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Laugh or Cry…

Hi. I’m back again! I posted only a few days ago, but I’ve just had a mental breakthrough…or breakdown. I was driving to work yesterday and I started thinking about all the stories I’ve read about the joint replacement surgeries people with RA have had. I’ve been thinking about them for a while now and trying to (futilely) predict how many more years I have left before I’m going to need the same thing done. I have a business event coming up that I have to catch a plane to and I’ve been debating whether to go or not because walking from check-in all the way down to my terminal is just not appealing to my ankles right now. They are protesting. Loudly.
Anyway, I was thinking about that walk, and how I always seem to be that random person that’s pulled aside for a swab test to check for bombs in my handbag (seriously, am I that much of a shifty person to look at?) when I imagined going through the metal detectors after joint replacement surgery. Just imagining the beeping frenzy made me laugh all the rest of the way to work. I even called my mum and told her (not altogether coherently) how one day I was going to strut proudly in nothing but a bikini through the detectors to set them off and confuse the hell out of the guards when they tried to figure out where my metal stash was.
It was the happiest moment I’ve had in a long time – and then mum had to go and point out that what the good doctors replace my degrading joints with doesn’t beep in detectors. Thanks mum.
Still, as long as I look on the bright side – like being the next Bionic/Titanium Woman! – I can function.
I can smile, I can laugh, I can joke with my colleagues – who are awesomely supportive – and hold on to the idea that I’m going to be Ok. Whether or not that idea is delusional is still to be determined.
I have my moments when I’m home and alone that I cry for a bit, or that I freak out, when I think about my uncertain future because I’m 24 and already this screwed up – I think a lot of people can relate to that – but as long as I can keep making fun of my RA with those closest to me I’ll keep going.
Because, as my breakthrough has just revealed, if I don’t laugh about it I’ll cry.
And I am so over crying.

This article represents the opinions, thoughts, and experiences of the author; none of this content has been paid for by any advertiser. The team does not recommend or endorse any products or treatments discussed herein. Learn more about how we maintain editorial integrity here.


  • Helen Opczynski
    5 years ago

    Thanks for the laugh and sharing! I’m almost 45, but have had JRA since I was 8. I had joint implants at 21 in my fingers, plastic though not metal. My ankles before I lost weight really gave me much pain and still do if I overdo it. Your story reminds me of times I just have had to laugh at myself instead of crying. In fact, just yesterday, my biggest frustration, is when I couldn’t open up the jar of jelly to make my 2 year old nephew a peanut butter jelly sammich (as he says). I’m there trying to twist the darn lid, noises included, like that’s really going to help, getting all the more frustrated. And even though I’m to the point of tears I wound up laughing, because my nephew in all his sweetness, is mocking me, noises included. To top it off, He says, “It’s okay, Aunt Honnie (what my 3 nephews call me), I don’t want jelly anyways.” hahaha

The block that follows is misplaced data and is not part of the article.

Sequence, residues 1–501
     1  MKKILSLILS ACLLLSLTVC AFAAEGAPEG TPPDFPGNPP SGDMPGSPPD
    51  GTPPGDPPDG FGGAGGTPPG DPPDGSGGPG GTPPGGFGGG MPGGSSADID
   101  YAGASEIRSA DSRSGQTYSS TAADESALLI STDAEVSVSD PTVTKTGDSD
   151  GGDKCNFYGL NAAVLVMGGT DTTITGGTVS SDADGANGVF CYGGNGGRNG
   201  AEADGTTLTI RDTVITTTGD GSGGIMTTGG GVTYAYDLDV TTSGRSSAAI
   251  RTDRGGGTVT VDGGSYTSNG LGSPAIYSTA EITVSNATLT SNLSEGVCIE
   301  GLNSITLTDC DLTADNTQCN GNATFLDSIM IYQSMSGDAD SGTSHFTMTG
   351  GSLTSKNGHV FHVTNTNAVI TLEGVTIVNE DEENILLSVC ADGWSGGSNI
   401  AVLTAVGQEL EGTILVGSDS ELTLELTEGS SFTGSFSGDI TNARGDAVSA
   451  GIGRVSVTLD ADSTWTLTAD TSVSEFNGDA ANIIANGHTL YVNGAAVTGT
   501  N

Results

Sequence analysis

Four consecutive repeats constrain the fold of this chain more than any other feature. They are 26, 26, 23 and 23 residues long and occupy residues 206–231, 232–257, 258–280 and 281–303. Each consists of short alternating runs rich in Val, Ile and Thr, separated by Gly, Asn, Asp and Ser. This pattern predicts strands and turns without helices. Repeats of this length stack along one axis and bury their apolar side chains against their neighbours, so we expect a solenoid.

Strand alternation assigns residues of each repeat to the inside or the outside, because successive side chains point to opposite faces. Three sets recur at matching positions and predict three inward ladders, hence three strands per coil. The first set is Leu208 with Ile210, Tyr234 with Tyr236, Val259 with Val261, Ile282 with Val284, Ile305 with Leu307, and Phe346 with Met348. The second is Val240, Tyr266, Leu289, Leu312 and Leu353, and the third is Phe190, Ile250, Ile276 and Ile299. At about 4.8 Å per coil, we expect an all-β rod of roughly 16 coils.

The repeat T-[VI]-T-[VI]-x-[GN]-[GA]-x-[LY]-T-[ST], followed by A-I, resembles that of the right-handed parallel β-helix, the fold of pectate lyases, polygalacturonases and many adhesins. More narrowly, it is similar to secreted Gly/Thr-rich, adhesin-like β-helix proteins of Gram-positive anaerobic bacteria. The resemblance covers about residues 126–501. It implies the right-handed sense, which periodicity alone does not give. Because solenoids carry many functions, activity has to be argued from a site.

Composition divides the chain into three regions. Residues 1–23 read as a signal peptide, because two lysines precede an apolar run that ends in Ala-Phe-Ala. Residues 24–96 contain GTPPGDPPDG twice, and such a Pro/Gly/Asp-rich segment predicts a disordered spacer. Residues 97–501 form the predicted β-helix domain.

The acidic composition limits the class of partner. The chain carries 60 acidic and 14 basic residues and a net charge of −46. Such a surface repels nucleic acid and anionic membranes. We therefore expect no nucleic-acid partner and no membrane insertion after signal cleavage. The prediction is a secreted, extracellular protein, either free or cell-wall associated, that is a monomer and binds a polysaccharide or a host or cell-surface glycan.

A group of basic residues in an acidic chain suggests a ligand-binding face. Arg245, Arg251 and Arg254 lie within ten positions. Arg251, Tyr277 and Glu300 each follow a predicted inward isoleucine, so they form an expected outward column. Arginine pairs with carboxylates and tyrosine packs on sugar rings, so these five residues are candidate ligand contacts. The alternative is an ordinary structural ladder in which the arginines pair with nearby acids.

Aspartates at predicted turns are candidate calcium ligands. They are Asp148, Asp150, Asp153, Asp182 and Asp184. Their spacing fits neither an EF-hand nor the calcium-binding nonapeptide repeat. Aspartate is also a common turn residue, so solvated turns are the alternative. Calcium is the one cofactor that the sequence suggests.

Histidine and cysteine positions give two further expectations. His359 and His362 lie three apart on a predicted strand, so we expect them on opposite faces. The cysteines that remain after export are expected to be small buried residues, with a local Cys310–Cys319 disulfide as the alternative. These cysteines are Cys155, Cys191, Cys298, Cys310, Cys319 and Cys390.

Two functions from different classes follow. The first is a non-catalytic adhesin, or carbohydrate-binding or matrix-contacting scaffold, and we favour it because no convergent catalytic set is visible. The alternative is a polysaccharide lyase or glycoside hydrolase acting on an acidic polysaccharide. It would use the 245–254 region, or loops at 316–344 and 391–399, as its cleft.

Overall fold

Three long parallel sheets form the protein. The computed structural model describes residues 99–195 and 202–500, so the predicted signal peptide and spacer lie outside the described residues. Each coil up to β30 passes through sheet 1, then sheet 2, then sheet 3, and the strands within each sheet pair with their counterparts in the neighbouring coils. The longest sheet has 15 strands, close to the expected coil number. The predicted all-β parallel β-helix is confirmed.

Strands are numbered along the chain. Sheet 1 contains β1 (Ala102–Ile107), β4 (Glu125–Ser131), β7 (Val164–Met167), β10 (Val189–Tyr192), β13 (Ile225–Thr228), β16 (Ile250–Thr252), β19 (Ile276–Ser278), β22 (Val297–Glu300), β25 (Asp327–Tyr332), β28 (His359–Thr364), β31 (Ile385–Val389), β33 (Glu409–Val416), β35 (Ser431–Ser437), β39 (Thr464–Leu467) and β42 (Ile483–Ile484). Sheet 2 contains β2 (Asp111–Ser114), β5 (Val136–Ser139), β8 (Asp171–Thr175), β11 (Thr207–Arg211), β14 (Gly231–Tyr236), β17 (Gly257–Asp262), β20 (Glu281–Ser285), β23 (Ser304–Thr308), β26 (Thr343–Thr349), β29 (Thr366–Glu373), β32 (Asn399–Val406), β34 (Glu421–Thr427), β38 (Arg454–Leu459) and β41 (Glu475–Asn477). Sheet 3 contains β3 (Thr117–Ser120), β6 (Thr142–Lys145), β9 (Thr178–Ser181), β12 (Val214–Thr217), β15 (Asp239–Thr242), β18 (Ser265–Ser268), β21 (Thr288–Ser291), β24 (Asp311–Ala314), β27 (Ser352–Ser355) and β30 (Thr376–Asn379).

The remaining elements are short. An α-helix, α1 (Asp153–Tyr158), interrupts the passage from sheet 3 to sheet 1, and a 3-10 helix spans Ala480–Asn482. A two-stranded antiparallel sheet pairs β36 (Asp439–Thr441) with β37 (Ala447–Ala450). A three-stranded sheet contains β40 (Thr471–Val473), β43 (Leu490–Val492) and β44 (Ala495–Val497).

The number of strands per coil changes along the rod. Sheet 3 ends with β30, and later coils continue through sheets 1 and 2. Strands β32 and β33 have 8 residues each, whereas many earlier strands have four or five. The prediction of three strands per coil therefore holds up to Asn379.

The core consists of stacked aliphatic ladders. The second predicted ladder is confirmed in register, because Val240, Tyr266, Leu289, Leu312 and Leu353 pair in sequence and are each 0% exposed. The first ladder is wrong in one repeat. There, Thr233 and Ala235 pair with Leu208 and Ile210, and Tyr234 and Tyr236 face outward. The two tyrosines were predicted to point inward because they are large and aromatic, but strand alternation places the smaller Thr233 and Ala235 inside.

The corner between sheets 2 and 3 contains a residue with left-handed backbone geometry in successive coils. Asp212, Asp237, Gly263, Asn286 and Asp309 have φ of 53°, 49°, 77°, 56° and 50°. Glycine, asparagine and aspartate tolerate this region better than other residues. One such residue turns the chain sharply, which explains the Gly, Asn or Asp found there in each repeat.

• Mariah Z. Leach moderator
    5 years ago

    Hi Sam ~ Thanks so much for sharing your story. I think you are right – sometimes we just have to laugh (or we’ll cry!). When I was first diagnosed at 25 my boyfriend (now husband) and I read an article about a woman who explained her pain by telling her husband how many horses it felt like were kicking her. We had to laugh at how ridiculous it was – and then I went around going “there are 20 horses kicking me today! hahahah” You gotta laugh. ~;o) ~Mariah~

  • Kristi Nagel
    5 years ago

    I have to laugh at myself sometimes just to keep my sanity. This past year my ankles and foot have been causing me a lot of pain. I’m dealing with Tarsal Tunnel and puuling of my tendons. When I walk I look like a drunk person stumbling around, and I have to let people know that I’m sober. So, yeah it helps to have a sense of humor sometimes.

  • Kelly Mack moderator
    5 years ago

    Sam, thanks for reminding us that laughter is darn good medicine. I totally agree that we need laughter and joy to keep fighting. We can’t give up or give in. Better to laugh in the face of RA! Thanks for the smiles. Best, Kelly

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